I'm a computer science student at UCLA, and one of my most recent classes was a "Digital Design Lab" where we got to play around with programming FPGAs. For our final project we were allowed to choose what we wanted to create, and my partner and I decided to go with a clone of the popular video game Tetris.
For those who don't know, an FPGA is a "Field-Programmable Gate Array", which essentially means that it is a chip with generic logic gates that can be combined and programmed to turn into many different hardware components. The FPGA is connected to the board's high-level inputs (buttons and switches) and outputs (VGA display, seven-segment display) to prototype different types of interactive digital circuits.
In order to program the board we use a hardware description language, or HDL, which describes the "structure, design and operation of digital logic circuits." A hardware description language differs from a programming language in that the lines of code do not execute sequentially, and rather than being "compiled" to a language that processors understand, HDL code is said to be "synthesized" into the basic logic gates and connections that implement the hardware design. For this class we used Verilog as the HDL.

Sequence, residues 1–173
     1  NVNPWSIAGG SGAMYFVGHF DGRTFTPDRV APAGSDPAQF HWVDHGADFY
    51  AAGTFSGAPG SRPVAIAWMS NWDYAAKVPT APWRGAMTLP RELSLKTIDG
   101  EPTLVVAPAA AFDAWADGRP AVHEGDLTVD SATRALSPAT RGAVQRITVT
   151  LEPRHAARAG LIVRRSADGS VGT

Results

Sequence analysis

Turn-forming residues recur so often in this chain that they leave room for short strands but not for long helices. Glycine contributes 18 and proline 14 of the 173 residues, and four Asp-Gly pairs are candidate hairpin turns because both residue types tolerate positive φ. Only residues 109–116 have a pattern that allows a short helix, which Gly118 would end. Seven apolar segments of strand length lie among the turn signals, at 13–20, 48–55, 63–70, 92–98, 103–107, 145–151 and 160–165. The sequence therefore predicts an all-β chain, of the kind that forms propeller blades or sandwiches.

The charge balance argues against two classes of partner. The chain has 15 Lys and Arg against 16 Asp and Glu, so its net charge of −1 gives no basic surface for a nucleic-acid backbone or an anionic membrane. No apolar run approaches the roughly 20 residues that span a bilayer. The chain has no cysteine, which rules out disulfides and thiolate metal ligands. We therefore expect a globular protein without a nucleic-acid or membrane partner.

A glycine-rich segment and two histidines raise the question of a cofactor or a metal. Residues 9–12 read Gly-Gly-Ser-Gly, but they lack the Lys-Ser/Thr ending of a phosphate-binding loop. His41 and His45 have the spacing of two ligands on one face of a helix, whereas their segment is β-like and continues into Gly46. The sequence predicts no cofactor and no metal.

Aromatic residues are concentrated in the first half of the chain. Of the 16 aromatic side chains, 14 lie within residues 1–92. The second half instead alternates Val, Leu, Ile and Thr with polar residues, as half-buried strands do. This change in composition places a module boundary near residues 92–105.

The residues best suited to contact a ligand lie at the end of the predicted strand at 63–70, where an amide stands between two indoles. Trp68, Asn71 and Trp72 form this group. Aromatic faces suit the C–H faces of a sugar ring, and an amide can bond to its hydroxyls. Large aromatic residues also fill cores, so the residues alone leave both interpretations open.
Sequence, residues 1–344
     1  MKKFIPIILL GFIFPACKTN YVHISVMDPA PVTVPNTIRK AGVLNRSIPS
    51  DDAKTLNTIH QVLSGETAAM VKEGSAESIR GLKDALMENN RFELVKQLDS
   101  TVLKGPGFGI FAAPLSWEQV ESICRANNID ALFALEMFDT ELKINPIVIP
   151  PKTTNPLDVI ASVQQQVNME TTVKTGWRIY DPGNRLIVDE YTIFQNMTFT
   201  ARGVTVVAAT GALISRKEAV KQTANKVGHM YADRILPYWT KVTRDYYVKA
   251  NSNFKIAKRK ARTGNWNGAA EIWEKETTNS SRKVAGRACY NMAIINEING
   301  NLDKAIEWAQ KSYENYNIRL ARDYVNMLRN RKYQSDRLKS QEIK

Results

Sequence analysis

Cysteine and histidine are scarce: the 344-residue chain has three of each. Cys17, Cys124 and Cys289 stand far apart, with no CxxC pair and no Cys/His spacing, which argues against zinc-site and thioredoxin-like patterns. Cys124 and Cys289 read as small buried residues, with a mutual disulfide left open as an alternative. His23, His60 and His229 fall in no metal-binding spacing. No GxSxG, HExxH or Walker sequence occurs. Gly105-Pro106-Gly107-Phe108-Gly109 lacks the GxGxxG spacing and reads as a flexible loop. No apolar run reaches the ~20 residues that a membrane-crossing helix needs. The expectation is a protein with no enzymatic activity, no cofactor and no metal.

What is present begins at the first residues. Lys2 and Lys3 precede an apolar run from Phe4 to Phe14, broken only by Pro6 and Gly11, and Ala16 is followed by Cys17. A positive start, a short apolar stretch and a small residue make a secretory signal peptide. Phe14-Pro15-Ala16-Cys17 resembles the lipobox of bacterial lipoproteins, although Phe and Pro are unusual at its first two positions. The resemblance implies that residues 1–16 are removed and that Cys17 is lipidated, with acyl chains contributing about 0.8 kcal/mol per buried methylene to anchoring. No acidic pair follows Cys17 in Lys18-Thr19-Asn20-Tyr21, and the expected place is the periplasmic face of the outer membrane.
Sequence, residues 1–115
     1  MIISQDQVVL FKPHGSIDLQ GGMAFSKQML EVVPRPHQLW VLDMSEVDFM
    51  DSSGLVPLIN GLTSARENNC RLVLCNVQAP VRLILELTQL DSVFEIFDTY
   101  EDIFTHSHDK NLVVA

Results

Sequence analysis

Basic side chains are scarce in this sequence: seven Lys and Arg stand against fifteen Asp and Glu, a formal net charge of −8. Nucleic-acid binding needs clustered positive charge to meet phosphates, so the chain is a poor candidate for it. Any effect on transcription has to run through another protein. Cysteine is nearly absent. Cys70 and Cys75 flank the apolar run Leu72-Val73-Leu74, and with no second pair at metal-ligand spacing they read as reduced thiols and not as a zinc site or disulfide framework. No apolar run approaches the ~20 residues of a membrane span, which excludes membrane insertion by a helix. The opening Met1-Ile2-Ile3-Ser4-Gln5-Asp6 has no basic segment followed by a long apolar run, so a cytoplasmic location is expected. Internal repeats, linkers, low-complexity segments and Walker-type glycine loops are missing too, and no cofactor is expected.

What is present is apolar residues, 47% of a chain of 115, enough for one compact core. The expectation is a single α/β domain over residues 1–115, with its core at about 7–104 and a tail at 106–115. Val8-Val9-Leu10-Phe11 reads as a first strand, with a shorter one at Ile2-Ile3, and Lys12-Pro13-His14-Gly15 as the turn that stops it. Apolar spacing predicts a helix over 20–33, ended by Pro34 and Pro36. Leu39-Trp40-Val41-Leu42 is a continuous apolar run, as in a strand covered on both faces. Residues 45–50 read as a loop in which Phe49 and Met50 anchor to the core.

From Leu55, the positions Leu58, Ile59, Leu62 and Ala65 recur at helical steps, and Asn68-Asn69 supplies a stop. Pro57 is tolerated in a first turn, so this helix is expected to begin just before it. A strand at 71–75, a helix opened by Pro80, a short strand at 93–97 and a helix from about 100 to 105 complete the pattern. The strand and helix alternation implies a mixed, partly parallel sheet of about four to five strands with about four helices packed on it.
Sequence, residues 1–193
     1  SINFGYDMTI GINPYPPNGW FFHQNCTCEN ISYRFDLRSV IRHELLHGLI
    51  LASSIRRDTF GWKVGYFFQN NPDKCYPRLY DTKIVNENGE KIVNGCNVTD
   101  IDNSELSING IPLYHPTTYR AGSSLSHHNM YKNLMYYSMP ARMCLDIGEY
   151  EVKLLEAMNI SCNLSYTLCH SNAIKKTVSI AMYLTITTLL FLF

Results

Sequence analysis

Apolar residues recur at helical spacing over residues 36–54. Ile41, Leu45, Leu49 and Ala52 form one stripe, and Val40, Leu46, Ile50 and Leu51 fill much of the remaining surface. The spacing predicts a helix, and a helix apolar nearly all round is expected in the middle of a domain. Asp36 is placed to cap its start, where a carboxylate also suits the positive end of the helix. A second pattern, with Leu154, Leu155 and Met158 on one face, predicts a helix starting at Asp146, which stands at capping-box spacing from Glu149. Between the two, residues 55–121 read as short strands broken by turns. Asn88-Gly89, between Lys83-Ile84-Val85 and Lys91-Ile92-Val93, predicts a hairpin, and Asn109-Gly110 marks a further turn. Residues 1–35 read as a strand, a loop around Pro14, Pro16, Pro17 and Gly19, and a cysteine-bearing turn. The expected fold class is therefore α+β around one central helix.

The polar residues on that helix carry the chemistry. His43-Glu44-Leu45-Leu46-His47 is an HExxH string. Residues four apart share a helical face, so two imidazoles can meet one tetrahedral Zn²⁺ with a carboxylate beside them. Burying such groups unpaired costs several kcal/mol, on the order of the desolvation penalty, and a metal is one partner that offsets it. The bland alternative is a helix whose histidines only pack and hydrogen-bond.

The Nexys 3 board.
In the photo above, the Spartan 6 FPGA is the small black square in the center of the board. The micro USB port on the top left is used to power and program the board. Along the bottom edge are eight switches and five buttons. The leftmost switch is used as the "reset" switch in our Tetris implementation, and is used to start a new game or end the old one. The rightmost switch pauses the game. The five buttons are all used; the left and right buttons are used for moving the current tetromino left and right on the screen, the down button is used for moving it down one, the up button is used to rotate it, and the middle button is used to drop the current tetromino to the bottom. The seven segment display above the buttons shows the current score. The VGA output on the left can be connected to a display to show a 640x480 playing screen.
The only video I have of our Tetris implementation in action is shown below. Unfortunately I don't have the Nexys 3 board in my possession, as the one I used is property of the school. I recently ordered a similar board, the Mimas V2, from Numato Labs. If I can get the code up and running on that then I'll get a better video.